Bob is an online marketer for the B2B SaaS company BestofSaaS.
He is in charge of the company’s blog and content marketing.
With software like Google Analytics he noticed there are not a lot of readers
following his posts. It seems visitors read a post, but do not come back for the following posts.
Should Bob be concerned about this?
Bob’s blog is facing the ‘double jeopardy’-concept, a term coined in the 1960’s by a social scientist named William McPhee. In the marketing world the concept got popular thanks to Andrew Ehrenberg.
What is the ‘double jeopardy’-concept exactly?
‘Double jeopardy is an empirical law where brands with lower markets shares suffer both from low purchases and low brand loyalty. Simply said, “less popular” brands not only have fewer buyers, but also have fewer loyal customers compared to popular brands.’
It seems the small brand / less popular brand is ‘punished’ twice:
it has fewer buyers, but also fewer loyal customers compared to the more popular brands.
Examples of double jeopardy in the consumer business (B2C) are described in the paper Discovering how brands grow by David Reay Corkindale (2011). A famous one is the washing powder example, also discussed in Byron Sharp’s book ‘How brands grow’.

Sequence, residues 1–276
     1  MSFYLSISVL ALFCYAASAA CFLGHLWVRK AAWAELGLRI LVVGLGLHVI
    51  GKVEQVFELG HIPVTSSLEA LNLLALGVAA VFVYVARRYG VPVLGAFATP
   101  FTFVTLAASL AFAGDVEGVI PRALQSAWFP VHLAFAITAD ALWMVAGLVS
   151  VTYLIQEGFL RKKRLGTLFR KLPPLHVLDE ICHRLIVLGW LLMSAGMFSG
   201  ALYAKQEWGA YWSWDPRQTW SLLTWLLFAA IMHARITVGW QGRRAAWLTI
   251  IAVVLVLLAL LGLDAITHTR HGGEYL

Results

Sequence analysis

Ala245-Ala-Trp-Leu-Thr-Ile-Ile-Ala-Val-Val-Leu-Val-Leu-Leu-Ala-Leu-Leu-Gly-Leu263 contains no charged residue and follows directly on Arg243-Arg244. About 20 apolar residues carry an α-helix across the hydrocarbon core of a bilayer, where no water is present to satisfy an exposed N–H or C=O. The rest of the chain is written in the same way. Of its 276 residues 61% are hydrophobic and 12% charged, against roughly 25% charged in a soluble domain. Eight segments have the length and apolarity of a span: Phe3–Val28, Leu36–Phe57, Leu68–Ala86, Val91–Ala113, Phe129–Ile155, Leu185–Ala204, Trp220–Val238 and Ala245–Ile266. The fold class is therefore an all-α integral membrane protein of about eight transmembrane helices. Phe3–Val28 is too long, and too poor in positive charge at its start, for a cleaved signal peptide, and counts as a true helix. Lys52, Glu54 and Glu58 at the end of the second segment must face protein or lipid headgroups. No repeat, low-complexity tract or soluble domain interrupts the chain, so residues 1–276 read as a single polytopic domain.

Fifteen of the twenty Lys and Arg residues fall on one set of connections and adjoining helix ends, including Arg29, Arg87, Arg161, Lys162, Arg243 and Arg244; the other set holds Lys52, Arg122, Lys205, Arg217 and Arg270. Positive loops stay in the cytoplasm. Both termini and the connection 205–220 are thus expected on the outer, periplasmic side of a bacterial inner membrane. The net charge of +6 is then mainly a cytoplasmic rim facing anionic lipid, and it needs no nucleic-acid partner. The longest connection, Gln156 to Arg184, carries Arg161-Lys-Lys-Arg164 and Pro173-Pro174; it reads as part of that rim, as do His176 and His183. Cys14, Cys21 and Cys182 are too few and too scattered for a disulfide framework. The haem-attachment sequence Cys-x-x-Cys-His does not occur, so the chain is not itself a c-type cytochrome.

Double jeopardy and SaaS online marketing
Great! Now we have examples of double jeopardy in the consumer business.
But does this also apply in B2B online marketing?
Yes, only the measurement is different. You do not analyze buyers, but visitors.
A less known blog does have less visitors than a popular blog and market share is therefore also low.
You can’t blame a blogger like Bob for this, the blog does not have yet the market share, so it has lower visitors. This is a natural phase, and you should not be worried about this.
How can Bob improve the market share?
By making a great post or rank higher in SEO rankings.
Bob has to improve his site by testing which content is read, which design for his blog is preferred and what SEO strategy to be used.
If Bob follows these steps, the chance of visitors going to follow his blog are increased and the blog’s loyalty base is increased too.
Don’t wonder about why the visitors of your blog are not coming back.
Accept this as a part of your blog’s evolution.
Start testing different content types and strategize your SEO.
If done properly, the blog’s loyalty base will grow and
you don’t have to worry anymore about the ‘double jeopardy’.